The disappearance of dinosaurs due to an asteroid turned out to be worse than we thought

DINOSAURS – Deadly acid rain, sulfur clouds that make the sun disappear… This apocalyptic vision was experienced by our predecessors on Earth 66 million years ago. Thus, dinosaurs, animals and plants of that time survived the hell, the impact of which led to the extinction of the vast majority of the species of that time.

However, a study published on Monday, March 21 by the US National Academy of Sciences (PNAS) shows that this scenario turned out to be even worse than the researchers thought. Indeed, if an asteroid collided with our planet, a huge amount of sulfur would rise. If this phenomenon was already known, James Witts, co-author of the study, explains that the researchers “underestimated the amount of sulfur produced by this asteroid impact.”

The sun is no longer visible for decades

As a result, “the associated climate change could be much greater than we previously thought,” said James Witts, co-author of the study and Senior Lecturer at Live Science at the University of Bristol, UK.

Even today, traces of the meteorite impact that caused the extinction of the dinosaurs remain. On the Yucatan Peninsula in Mexico, you can observe the Chicxulub crater, where an asteroid with a diameter of 10 kilometers fell. Proof, if necessary, of the importance of the past catastrophe.

After the impact, a cloud of sulfur dioxide entered the atmosphere and settled in the stratosphere. This resulted in blocking the passage of the sun’s rays, plunging our planet into a dark night. Thus, the Sun disappeared for decades, perhaps even centuries.

A misfortune that never comes on its own, a huge cloud of sulfur also caused acid rain on our planet, changing the chemistry of the oceans for tens of thousands of years, much longer than we think.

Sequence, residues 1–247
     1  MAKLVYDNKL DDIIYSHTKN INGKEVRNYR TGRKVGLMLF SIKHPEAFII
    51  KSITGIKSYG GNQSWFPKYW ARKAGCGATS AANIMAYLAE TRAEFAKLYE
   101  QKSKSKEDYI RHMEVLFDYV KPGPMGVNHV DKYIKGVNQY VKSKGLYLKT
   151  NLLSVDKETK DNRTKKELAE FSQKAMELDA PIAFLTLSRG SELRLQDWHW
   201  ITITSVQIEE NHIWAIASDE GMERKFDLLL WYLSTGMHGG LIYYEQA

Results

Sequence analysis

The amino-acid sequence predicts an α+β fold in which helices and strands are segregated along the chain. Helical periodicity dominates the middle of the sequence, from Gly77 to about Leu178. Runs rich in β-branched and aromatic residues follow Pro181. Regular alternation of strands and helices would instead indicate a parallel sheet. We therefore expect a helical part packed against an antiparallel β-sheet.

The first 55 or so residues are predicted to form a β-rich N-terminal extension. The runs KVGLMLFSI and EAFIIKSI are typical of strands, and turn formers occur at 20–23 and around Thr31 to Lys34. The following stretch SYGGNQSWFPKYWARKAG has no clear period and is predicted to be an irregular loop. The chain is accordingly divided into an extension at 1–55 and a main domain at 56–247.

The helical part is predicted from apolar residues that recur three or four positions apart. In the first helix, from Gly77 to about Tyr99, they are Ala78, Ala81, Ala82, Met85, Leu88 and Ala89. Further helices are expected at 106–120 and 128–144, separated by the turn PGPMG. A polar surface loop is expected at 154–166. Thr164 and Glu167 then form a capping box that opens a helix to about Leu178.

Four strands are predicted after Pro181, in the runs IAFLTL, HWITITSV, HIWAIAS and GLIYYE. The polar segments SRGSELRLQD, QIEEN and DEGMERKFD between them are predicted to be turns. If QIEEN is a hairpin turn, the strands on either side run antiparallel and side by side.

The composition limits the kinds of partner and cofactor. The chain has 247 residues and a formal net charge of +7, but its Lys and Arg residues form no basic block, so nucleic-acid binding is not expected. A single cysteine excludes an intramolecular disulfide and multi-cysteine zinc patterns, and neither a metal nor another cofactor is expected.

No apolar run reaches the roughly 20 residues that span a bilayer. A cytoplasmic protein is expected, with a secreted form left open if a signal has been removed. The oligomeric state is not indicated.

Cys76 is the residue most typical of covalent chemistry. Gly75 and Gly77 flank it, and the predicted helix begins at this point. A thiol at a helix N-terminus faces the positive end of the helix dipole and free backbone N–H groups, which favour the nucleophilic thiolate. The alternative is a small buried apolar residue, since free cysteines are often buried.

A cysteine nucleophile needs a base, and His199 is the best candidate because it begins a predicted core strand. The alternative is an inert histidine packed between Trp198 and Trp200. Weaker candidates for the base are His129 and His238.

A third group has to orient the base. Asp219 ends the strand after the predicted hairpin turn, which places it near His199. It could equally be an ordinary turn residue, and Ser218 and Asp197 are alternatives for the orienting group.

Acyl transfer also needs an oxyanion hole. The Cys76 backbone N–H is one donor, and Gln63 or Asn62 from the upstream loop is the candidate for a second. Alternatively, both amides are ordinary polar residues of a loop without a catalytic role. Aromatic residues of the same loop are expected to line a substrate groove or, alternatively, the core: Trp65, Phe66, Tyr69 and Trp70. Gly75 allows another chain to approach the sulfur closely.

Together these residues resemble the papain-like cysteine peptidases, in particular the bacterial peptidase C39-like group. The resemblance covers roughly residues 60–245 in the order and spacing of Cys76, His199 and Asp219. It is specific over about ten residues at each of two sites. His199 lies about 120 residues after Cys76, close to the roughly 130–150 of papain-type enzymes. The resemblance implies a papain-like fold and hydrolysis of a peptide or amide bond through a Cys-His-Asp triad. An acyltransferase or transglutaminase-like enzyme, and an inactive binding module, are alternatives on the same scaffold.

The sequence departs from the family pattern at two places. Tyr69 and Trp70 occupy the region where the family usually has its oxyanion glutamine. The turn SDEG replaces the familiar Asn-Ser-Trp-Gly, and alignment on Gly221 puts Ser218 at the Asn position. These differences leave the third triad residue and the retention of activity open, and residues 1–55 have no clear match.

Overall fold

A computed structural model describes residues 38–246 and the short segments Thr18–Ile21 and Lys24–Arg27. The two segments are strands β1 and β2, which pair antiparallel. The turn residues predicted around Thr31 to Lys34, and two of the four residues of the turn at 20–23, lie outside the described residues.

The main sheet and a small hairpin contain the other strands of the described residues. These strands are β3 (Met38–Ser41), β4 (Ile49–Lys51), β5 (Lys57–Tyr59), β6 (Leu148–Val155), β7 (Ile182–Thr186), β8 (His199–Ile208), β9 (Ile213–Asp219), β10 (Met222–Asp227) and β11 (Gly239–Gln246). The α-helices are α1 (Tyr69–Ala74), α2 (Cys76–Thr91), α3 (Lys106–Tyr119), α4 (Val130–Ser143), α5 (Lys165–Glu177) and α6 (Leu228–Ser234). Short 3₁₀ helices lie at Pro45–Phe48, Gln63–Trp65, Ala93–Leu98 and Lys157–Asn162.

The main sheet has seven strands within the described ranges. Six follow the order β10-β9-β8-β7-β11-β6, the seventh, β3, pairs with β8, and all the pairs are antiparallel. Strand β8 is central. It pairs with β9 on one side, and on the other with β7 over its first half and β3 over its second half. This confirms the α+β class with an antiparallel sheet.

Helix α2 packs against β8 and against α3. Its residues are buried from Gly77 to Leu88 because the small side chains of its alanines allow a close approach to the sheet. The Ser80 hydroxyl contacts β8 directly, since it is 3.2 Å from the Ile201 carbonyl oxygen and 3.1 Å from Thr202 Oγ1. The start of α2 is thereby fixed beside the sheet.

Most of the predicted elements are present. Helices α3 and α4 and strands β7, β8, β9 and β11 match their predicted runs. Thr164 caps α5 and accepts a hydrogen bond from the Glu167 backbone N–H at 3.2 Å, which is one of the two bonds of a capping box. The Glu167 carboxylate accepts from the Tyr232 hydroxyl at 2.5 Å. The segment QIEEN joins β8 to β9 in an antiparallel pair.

accidental discovery

This study is the result of a happy accident. Indeed, the researchers were to study the geochemistry of ancient shells in a river in Falls County, Texas. Being close to the meteorite impact site, they decided at the last moment to take sediment samples in addition to their research.

They were then taken to the University of St Andrews in Scotland, where study co-author Aubrey Mirrorl, a geochemist and geobiologist, analyzed what they found. Looking at sulfur isotopes (kinds of atoms that differ in their mass), they noticed “unusual signals” indicating the presence of sulfur in the atmosphere 66 million years ago.

Although this discovery, again, is not new and has already been observed at the North and South Poles, the fact that this atomic signal is present in Cretaceous marine rocks (from where they took their samples) shows that there must have been a huge amount of sulfur in the atmosphere after fall of an asteroid.

Causing an estimated extinction of almost 76% of species, this cataclysm is also possibly an accident. Indeed, most of the sulfur lifted by the asteroid impact came from the sulfur-rich limestone of the volcanic Yucatán Peninsula. “If the asteroid had fallen somewhere else, perhaps so much sulfur would not have been released into the atmosphere, and the subsequent climate change might not have been so serious,” the researcher believes. Therefore, the extinction of the dinosaurs “might not have been as severe,” concludes James Witts.

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